This is the third in a series about experiential learning; for more information check out Part 1—The Six Propositions of Experiential Learning and Part 2—Experiential Learning: The Learning Cycle.
Experience, reflect, think, and act. These were the four steps of the experiential learning cycle mentioned in Part 2 through which students can increase their depth of understanding and skill. However, while the cycle as a whole is a fundamental aspect of the experiential learning process most students will not thrive in every step of the cycle, as is perhaps expected. Rather, they will find themselves most comfortable and adept at specific stages throughout the cycle. The stages where a student is most comfortable are reflective of a student’s learning style.
The Four Learning Styles
For the purposes of this discussion, the four steps mentioned above will be referred to as concrete experience, reflective observation, abstract conceptualization, and active experimentation. With that in mind, it is in the overlap between steps that experiential learning has identified four learning styles: Diverging, Assimilating, Converging, and Accommodating.
The diverging learning style, also known as feel and watch, balances concrete experience and reflective observation. Learners with this style tend to perform better in situations that require idea generation, such as brainstorming. They tend to be imaginative and specialize in the arts. Divergers learn best through hands-on activities, group work, and conventional lectures. They operate best when they are able to take in various perspectives as they form their own.
The assimilating learning style, also known as think and watch, balances reflective observation and abstract conceptualization. Learners with this learning style emphasize reasoning. These learners prefer to review the facts and assess the concrete experience. Assimilators prefer independent exercises, classic lectures supported by video presentation, readings, and tutorial-led exploration. They operate best when they have time to think and analyze the information.
The converging learning style, also known as think and do, balances abstract conceptualization and active experimentation. These learners approach learning from a problem-solving lens and prefer to find technical solutions. Convergers prefer worksheets, computer-based tasks, and interactive activities where problem-solving is required. They operate best when they are applying theories to real-world problems and practical solutions.
The accommodating learning style, also known as feel and do, balances active experimentation and concrete experience. These learners tend to be adaptable and follow their “gut” rather than resorting to logic. Accomodators prefer engaging in hands-on activities, “what if” and “why not” questions, and independent discovery. They operate best when they are actively doing things and have the opportunity to follow their own initiative in progressing through an experience.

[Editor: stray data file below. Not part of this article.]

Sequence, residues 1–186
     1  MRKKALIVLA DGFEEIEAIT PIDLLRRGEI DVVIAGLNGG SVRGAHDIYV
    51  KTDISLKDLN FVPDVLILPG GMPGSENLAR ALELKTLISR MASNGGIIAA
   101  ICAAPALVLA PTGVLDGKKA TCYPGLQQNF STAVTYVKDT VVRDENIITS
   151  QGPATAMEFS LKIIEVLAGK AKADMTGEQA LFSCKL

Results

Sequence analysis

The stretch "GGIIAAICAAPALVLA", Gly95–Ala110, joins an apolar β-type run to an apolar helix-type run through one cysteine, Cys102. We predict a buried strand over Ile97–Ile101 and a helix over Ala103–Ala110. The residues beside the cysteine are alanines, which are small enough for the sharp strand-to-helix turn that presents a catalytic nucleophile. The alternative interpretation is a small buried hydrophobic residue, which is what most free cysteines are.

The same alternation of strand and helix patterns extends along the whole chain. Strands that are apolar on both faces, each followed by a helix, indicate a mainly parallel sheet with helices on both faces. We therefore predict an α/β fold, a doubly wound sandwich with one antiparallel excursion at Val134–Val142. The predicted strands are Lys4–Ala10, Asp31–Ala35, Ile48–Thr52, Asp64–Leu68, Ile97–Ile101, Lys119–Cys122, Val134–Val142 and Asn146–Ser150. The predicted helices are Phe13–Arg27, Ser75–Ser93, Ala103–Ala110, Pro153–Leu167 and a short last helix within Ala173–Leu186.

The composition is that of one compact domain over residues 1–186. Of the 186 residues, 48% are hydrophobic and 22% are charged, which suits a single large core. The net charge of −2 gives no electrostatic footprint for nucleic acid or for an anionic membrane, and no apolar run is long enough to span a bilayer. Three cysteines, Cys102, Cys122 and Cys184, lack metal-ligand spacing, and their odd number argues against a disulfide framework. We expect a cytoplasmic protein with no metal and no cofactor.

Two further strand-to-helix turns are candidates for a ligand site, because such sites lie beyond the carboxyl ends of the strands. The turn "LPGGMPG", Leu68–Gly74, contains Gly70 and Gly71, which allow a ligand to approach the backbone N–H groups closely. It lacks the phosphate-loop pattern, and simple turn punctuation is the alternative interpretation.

Teaching All Styles
Generally, instructors will be able to identify students’ preferred learning styles through simple observation, which will help instructors tailor their courses as needed and prepare instructors to help individual students as needed.
Of course, a single class is unlikely to be made up of learners who all have the same learning style. How, as an instructor, do you properly balance giving each student an education experience needed to be successful?
When teaching, make sure to use a variety of learning experiences in order to reach all learning preferences. Not only will all students be catered to, but it will expose students to their non-preferential learning styles. Though you may need to identify and give extra assistance to outliers, this broad exposure will help students to become more adaptable and versatile—which will only help them in the future!
But what about online learning? While it can be far more difficult to provide experiential learning while on an online platform, it is still possible. Consider the benefits of activities that are project-based, case-based, problem-based, and inquiry-based; these are all learner-centered activities that encourage students to consider real-world context while maintaining the opportunity for reflection. Other options include gamification, social learning, and collaborative discussions, balanced with readings, discussion boards, lecture videos, and other classic educational tools.
Just as there is no one way to learn, there is no one way to teach. As an instructor, both you and your students can be greatly benefited by using a variety of teaching styles.
“Experiential Learning in Online Courses.” UWM Center for Excellence in Teaching and Learning. Accessed October 28, 2022. https://uwm.edu/cetl/experiential-learning-in-online-courses/.
“Kolb’s Four Stages of Learning.” Center for Instructional Technology and Training. Accessed October 28, 2022. https://citt.ufl.edu/resources/the-learning-process/types-of-learners/kolbs-four-stages-of-learning/.
Kurt, Serhat. “Kolb’s Experiential Learning Theory & Learning Styles.” Educational Technology, September 25, 2022. https://educationaltechnology.net/kolbs-experiential-learning-theory-learning-styles/.
Mcleod, Saul. “Kolb’s Learning Styles and Experiential Learning Cycle.” Simply Psychology. Accessed October 28, 2022. https://www.simplypsychology.org/learning-kolb.html.
Virtanen, Aurora. “What Is Kolb’s Experiential Learning Theory?” Growth Engineering, April 25, 2022. https://www.growthengineering.co.uk/kolb-experiential-learning-theory/.